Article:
This is a work version of Lua 5.2. All details may change in the final version.
Lua's official web site provides complete information about Lua, including an executive summary and updated documentation, especially the reference manual, which may differ slightly from the local copy distributed in this package.
Lua is distributed in source form. You need to build it before using it. This should be straightforward because Lua is implemented in pure ANSI C, and compiles unmodified in all known platforms that have an ANSI C compiler. Lua also compiles unmodified as C++.
The instructions below are for Unix-like platforms. There are also instructions for other systems. See below for customization options.
aix ansi bsd freebsd generic linux macosx mingw posix solaris
If your platform is listed, just do "make xxx", where xxx is your platform name.
If your platform is not listed, try the closest one or posix, generic, ansi, in this order.
If you want to build and install Lua in one step, do "make xxx install", where xxx is your platform name.
If you want to install Lua locally, then do "make local". This will create directories bin, include, lib, man, and install Lua there as follows: review!
There are man pages for lua and luac, in both nroff and html, and a reference manual in html in doc, some sample code in test, and some useful stuff in etc. You don't need these directories for development.
If you want to install Lua locally, but in some other directory, do "make install INSTALL_TOP=xxx", where xxx is your chosen directory.
You don't actually need to edit the Makefiles because you may set the relevant variables in the command line when invoking make.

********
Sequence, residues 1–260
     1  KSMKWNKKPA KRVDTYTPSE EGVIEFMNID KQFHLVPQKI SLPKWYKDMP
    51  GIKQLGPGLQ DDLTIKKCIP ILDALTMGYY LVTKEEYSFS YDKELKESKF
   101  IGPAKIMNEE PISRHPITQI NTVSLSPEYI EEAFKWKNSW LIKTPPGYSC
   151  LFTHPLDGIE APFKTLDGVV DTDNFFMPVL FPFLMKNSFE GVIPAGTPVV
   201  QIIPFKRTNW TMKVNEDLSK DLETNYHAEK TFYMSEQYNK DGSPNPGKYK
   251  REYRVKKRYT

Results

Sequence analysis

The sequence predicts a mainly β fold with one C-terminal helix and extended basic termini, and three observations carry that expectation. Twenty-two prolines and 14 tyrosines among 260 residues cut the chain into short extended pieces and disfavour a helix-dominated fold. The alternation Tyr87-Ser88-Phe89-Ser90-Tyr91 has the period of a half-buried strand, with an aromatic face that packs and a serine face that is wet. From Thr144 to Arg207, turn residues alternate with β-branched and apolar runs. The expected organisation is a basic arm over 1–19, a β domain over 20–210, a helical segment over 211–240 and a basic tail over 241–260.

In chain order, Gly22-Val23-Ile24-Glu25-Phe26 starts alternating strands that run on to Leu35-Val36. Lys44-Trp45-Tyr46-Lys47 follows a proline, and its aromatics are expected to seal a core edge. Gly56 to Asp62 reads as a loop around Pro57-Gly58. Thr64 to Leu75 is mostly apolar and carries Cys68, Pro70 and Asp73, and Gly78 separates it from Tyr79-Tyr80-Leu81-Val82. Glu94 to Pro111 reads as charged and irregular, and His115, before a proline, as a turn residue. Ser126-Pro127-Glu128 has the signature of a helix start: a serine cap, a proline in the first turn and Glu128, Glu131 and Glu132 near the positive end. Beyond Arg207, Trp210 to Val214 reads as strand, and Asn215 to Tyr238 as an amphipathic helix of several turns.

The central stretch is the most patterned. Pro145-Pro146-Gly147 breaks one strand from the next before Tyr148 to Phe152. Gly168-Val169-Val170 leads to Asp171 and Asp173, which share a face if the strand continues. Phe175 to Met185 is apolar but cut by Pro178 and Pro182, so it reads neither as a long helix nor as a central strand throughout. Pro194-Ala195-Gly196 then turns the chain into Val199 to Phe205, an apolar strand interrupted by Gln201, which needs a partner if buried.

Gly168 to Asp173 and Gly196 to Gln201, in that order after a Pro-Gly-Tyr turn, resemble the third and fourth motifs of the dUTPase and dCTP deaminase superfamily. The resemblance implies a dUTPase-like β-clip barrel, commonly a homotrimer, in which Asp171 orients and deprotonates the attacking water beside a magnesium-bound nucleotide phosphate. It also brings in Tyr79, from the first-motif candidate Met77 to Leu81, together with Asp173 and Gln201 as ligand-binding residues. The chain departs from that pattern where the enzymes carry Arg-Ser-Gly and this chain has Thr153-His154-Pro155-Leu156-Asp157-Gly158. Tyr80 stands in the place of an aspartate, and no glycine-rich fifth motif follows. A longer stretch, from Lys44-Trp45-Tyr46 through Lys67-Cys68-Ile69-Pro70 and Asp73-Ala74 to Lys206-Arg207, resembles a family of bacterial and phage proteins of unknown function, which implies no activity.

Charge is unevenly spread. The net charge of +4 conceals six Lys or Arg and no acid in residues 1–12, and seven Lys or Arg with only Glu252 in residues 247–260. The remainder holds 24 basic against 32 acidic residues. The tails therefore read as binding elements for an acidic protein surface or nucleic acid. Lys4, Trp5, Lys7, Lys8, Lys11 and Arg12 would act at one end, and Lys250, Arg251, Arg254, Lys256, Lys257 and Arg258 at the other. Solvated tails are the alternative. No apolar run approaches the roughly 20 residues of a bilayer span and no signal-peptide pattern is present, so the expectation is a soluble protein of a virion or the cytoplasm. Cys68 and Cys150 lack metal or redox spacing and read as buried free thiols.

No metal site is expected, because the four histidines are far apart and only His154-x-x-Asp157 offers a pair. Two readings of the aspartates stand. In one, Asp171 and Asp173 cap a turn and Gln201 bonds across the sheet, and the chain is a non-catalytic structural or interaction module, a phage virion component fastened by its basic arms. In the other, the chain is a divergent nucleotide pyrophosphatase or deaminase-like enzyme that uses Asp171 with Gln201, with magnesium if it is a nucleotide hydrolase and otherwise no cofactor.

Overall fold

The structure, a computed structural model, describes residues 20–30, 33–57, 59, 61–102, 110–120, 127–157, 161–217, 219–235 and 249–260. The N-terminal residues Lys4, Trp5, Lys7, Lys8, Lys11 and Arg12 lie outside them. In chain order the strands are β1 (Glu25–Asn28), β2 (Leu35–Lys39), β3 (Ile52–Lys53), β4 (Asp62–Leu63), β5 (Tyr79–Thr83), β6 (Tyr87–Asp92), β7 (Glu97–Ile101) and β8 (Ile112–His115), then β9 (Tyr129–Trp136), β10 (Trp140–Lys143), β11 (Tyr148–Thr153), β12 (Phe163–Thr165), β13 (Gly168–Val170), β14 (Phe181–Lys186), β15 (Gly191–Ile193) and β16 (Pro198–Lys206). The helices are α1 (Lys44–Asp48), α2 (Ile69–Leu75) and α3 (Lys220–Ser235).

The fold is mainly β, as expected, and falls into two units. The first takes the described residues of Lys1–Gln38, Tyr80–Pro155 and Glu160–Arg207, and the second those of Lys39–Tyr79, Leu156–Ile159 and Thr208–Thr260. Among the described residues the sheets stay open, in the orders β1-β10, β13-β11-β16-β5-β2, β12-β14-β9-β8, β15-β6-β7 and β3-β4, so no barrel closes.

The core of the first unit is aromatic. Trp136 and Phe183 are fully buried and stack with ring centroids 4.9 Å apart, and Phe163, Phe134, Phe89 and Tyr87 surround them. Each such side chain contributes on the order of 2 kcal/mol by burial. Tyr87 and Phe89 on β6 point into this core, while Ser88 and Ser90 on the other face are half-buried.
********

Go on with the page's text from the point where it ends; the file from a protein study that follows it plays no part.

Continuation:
On the other hand, if you need to customize some Lua features, you'll need to edit src/luaconf.h before building and installing Lua. The edited file will be the one installed, and it will be used by any Lua clients that you build, to ensure consistency.
We strongly recommend that you enable dynamic loading. This is done automatically for all platforms listed above that have this feature and also for Windows.
If all you want is to build the Lua interpreter, you may put all .c files in a single project, except for luac.c and print.c. Or just use etc/all.c.
To use Lua as a library in your own programs you'll need to know how to create and use libraries with your compiler. Moreover, to dynamically load C libraries for Lua you'll need to know how to create dynamic libraries and you'll need to make sure that the Lua API functions are accessible to those dynamic libraries — but you do not want to link the Lua library into each dynamic library. For Unix, we recommend that the Lua library be linked statically into the host program and its symbols exported for dynamic linking; src/Makefile does this for the Lua interpreter. For Windows, we recommend that the Lua library be DLL.
As mentioned above, you may edit src/luaconf.h to customize some features before building Lua.
Here are the main changes in Lua since its last release. The reference manual lists the incompatibilities that had to be introduced.
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